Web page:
CRB ordinance leads to disagreement during public hearing in Saratoga Springs
Discussion regarding a civilian police review board in Saratoga Springs boiled over Tuesday, exposing the rift between the city’s outgoing mayor and public safety commissioner.
A public hearing was held Tuesday on legislation that would create a framework in the Saratoga Springs city code for a civilian police review board. The creation of such a body was a key recommendation by the city’s Police Reform Task Force – part of a 50-point plan and agreed to by the council in principle, pending further review.
Democratic Mayor Meg Kelly then appointed two people to an independent implementation committee. Over the last several months, the committee presented recommendations and information on civilian police review boards.
Earlier this month, Public Safety Commissioner Robin Dalton introduced an ordinance that lays out the duties and responsibilities of such a board, as well as the makeup of the CRB. Dalton, a former Republican, is making an independent run for mayor as Kelly steps down after two terms.
During Tuesday’s hearing on the ordinance, members of the public gave their thoughts on the board. There were concerns about the powers and mission of the board, a residency requirement, a background check, and the makeup of the proposed board itself – with city councilors making appointments to the five-member body.
But the input from the public was marked by the verbal sparring between the mayor and public safety commissioner, laying bare a fundamental disagreement over how to continue with the CRB’s implementation.
Dalton, who announced a vote would not be held on her ordinance Tuesday at the beginning of the hearing, defended her approach of passing the framework ordinance sooner rather than later, prompting a response from Mayor Kelly.
“I think the approach of voting first and then working out all the details and the figuring it out is the most expeditious approach. I think doing it the other way, as I said before, is tantamount to an endless delay, and so that’s it,” said Dalton.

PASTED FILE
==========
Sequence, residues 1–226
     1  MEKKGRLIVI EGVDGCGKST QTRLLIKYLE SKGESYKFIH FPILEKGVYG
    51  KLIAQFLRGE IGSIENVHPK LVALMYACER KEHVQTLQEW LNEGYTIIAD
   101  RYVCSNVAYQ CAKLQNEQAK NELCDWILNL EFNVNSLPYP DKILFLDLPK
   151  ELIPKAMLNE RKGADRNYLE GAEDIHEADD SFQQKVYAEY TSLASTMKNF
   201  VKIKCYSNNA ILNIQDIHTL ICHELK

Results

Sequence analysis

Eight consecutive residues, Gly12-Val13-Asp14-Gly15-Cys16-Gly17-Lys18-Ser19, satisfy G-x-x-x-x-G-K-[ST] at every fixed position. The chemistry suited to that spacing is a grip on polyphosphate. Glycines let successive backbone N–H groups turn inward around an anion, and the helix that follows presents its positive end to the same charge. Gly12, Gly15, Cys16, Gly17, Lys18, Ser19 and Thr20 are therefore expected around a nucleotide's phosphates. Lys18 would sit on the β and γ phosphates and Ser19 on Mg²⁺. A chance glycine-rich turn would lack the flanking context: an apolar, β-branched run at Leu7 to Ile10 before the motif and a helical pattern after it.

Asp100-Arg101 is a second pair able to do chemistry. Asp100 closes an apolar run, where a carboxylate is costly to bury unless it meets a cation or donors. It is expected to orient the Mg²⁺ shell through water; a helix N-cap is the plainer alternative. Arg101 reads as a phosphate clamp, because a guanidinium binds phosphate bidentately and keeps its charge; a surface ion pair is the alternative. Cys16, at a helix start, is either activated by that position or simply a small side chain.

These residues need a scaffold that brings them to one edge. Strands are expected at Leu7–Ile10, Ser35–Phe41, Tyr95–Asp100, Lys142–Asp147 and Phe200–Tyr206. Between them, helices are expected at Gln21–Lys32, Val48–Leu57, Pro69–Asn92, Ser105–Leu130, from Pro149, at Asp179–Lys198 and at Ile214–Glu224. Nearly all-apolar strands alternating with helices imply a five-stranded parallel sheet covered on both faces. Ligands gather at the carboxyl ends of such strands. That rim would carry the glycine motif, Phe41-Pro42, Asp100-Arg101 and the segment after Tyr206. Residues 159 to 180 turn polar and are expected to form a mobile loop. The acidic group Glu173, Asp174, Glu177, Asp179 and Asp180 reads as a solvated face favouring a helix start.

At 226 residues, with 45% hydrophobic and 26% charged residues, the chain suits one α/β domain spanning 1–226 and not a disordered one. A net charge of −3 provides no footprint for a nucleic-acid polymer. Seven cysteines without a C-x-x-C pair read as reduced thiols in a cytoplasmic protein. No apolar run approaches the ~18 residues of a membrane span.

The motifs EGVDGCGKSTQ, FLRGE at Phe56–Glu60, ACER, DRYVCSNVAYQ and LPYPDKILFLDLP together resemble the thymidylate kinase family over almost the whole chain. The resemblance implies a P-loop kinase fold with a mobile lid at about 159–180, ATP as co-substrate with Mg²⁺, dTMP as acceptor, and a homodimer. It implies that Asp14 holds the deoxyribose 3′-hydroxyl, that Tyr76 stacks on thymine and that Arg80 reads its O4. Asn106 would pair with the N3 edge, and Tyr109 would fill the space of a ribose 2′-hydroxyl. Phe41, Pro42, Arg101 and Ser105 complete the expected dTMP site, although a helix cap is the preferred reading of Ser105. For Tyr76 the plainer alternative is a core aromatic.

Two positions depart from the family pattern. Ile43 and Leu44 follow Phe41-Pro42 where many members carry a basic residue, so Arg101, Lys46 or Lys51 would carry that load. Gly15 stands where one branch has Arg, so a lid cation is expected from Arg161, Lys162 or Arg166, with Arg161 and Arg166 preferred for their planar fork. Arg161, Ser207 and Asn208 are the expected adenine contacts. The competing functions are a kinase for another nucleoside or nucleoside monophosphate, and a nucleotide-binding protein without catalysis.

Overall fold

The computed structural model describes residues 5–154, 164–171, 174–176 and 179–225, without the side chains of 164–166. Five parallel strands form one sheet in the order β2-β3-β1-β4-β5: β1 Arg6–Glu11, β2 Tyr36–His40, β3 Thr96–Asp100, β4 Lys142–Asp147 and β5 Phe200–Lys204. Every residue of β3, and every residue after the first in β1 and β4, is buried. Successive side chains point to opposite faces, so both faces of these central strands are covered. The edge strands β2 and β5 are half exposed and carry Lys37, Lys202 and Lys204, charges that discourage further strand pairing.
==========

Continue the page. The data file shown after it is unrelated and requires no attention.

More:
“So I would like to just comment that I think this council, in principle, is on board with this CRB. So I think that at this time, I think that we need to come together as a council, work with all of the stakeholders and try to sit down, and we have time to get this across the finish line. But I think we have to do it right,” said Kelly.
Kelly criticized Dalton for not seeking input from city attorney Vince DeLeonardis. DeLeonardis was an appointed non-voting member of the Police Reform Task Force that concluded its business in March. Dalton’s ordinance was drafted by the assistant City Attorney, Tony Izzo.
Kelly accused Dalton of drafting the ordnance “behind closed doors” with Jason Golub, whom the mayor appointed to the independent two-member implementation advisory committee, and a former co-chair of the larger Police Reform Task Force.
“I said it! It’s weak legislation with a lot of holes, a lot of vagueness,” said Kelly.
“OK, I understand that Mayor Kelly has a political point that she wants to make…”
“…A political point? What are you talking about? I’m done in 72 days! I have nothing in the game here!”
“Mayor Kelly, could you stop interrupting me for a moment?”
Kelly accused Dalton of acting “individually” in pursuing the ordinance, not as a team. Dalton pushed back, asserting she was acting in accordance with a resolution that the public safety commissioner make the recommendation in consultation with the advisory committee.
“I have fulfilled this task exactly as you laid it out,” said Dalton. “So you can stall and stall and stall…”
“…I’m not stalling. I’m going to do it right. I’m not going to put garbage out. Garbage in, garbage out.”
“If you were going to do it right, where have you been the last 14 months?” asked Dalton.
“Commissioner Dalton, I’m not going to go back and forth with you. It’s not worth my energy or time, so I’m done,” said Kelly.
Finance Commissioner Michele Madigan, an outgoing Democrat, added to the discussion in describing her resolution that would fund recommendations adopted by the city council in response to the Police Reform Task Force, including a CRB.
“As we get more details, this is an assignment that can be added to, because we do want to ensure that if we’re going to set up such a board, that they do have the funding necessary to carry out their duties,” said Madigan.